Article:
The attainment of self-knowledge on the part of the central figures is always Jane Austen’s theme, and self-knowledge results in goodness. Thus, the heroine of Pride and Prejudice, Elizabeth gradually discovers the truth and sheds her prejudices en route a love journey both humorous and deeply serious moods. She has been proud of her discernment but she finds that she has been wrong in judging both Darcy and Wickham. By the end, she realizes her folly and her prejudice. Life for her is thus a continuous process of increasing self-knowledge.
Pride and Prejudice portrays two remarkable characters with which generations of readers have fallen in love: Elizabeth Bennet, the talented, independent second daughter, and Mr. Fitzwilliam Darcy, a haughty aristocrat who sees through Mrs. Bennet's manipulations and believes the Bennet family to be beneath him. In turn, Elizabeth develops a blinding prejudice against Darcy and puts him down as no one has dared before. Their relationship—a combination of attraction and contempt—is certainly one of the most exciting in all literature.
Experience teaches us how to live wisely and temperately and so also through harmony with the rest of the world. Jane Austen was a religious woman, but religion is not an active element in the life she portrays. Her morality is not transcendental; she is an idealist but a practical idealist. In her view human beings have a duty to perform to themselves and to others, and it is only by performing this duty that true happiness can be achieved.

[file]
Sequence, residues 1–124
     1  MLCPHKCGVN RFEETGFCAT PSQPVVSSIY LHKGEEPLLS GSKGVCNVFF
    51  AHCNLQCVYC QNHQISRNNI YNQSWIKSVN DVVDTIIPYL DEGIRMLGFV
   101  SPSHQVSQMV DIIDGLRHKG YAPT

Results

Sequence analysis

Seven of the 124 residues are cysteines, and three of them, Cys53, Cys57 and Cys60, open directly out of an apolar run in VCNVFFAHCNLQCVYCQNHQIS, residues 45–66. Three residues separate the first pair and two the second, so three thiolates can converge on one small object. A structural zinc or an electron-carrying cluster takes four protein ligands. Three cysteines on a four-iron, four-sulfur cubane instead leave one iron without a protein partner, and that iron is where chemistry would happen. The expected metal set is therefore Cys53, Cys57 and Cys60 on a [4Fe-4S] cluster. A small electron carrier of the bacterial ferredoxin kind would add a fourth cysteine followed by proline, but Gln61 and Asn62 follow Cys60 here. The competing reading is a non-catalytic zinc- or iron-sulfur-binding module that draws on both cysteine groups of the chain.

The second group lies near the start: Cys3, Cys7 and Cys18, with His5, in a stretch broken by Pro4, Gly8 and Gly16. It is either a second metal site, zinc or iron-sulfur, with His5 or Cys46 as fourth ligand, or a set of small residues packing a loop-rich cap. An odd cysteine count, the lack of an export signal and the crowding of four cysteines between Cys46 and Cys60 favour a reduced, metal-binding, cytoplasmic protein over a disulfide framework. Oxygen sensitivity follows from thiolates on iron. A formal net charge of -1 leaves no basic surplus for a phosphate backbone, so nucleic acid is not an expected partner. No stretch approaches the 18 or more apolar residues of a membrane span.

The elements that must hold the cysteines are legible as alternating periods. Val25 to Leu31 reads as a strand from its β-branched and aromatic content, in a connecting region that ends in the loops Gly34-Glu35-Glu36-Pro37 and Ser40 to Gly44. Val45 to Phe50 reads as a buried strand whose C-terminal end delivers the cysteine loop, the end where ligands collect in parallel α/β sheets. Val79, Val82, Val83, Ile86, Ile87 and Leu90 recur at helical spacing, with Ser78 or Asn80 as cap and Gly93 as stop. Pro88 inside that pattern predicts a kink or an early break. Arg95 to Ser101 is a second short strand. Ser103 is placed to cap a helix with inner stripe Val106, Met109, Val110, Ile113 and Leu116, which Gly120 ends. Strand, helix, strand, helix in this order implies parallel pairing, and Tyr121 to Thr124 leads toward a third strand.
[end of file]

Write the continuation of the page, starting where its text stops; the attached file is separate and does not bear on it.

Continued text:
Through Elizabeth’s vivid character, Pride and Prejudice contrasts many human qualities: depth and superficiality; honesty and dishonesty; pride and humility; independence and dependence. Elizabeth does not sentimentalize love, she does not glorify it like earlier heroine, but her conception of a genuine union is a loftier one than theirs. She is a practical idealist. She realizes the value of money and comfortable living for a happy marriage, she has no illusions about, “love ma cottage” but she also realizes that married happiness depends not so much on worldly circumstances as on mutual harmony between the marriage partners. Similarly, she recognizes the presence of evil, and tolerates it. Wickham is not even reformed by the end of the novel, and Lydia remains as silly and irresponsible as ever. The novelist is reputed to have considered Elizabeth Bennet her favorite creation. Indeed, the twenty-year-old possesses brains, beauty, musical talent, confidence, and—for the era—rare independence. At every turn Elizabeth displays the latter trait: she walks several miles alone to visit her ailing sister Jane at Netherfield; she declines Mr. Collins's marriage offer despite her mother's outrage; she angrily rejects Darcy's condescending proposal in the novel's most stunning scene. But this independence—perhaps inherited from her mother—leads her to make mistakes: she judges Wickham, Darcy, and others too soon, and then clings stubbornly to her prejudices.